Though this was the first D&D book that bore the name "Demonomicon", it was not the first D&D book that was all about demons. Previous releases included Hellbound: The Blood War (1996) and Faces of Evil: The Fiends (1997) for Planescape and Fiendish Codex I: Hordes of the Abyss (2006) for D&D 3e. Demonomicon was the most like the last book, though it was updated for D&D's new World Axis cosmology.

After Wizards published Demonomicon, they brought the 4e monster splatbook series to an end, probably due to the emergence of the D&D Essentials line that September.

About the Demonomicon. The Demonomicon takes its name from the Demonomicon of Iggwilv, which made its first appearance in the Greyhawk adventure S4: "The Lost Caverns of Tsojcanth" (1982). There, the book is described as "a treatise on the powerful evil creatures of the lower planes". Though the GM is told he can include whatever background material he wants, it's mainly a spellbook for clerics and magicians.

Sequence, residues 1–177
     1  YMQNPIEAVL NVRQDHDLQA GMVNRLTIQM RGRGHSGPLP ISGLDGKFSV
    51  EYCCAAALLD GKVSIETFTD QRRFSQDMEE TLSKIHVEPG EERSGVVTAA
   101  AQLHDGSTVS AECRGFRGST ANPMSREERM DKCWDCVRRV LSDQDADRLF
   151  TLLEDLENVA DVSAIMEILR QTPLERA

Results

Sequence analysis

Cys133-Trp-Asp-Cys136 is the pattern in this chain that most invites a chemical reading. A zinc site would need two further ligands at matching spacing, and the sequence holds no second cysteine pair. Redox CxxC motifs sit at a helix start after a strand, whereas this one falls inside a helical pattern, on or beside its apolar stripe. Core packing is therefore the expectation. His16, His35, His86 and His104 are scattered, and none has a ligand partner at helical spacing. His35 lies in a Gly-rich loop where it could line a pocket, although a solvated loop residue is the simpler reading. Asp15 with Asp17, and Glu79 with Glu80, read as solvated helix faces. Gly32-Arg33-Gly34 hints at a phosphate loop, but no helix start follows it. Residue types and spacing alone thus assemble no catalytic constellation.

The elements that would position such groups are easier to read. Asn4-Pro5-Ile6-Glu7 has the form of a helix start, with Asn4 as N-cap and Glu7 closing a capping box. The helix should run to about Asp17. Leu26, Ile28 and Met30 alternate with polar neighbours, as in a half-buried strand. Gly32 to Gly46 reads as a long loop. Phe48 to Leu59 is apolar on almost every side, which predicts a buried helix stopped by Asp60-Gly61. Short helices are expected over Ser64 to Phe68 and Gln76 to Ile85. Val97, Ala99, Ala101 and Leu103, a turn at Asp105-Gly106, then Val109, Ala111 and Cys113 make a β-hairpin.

In "Three Greyhawk Grimoires" in Dragon #225 (January 1996), Robert S. Mullin talked about Iggwilv's other book, the Nethertome, and laughably changed the name of her magnum opus to The Fiendomicon of Iggwilv … because that's what TSR did in the AD&D 2e era (1989-1997). Fortunately the book went back to its real name by the time Owen K.C. Stephens and Gary Holian wrote "Spellcraft: The Demonomicon of Iggwilv" for Dragon #336 (October 2005). This article provided the best description ever of the infernal tome — one that was finally full of demon-appropriate spells as well.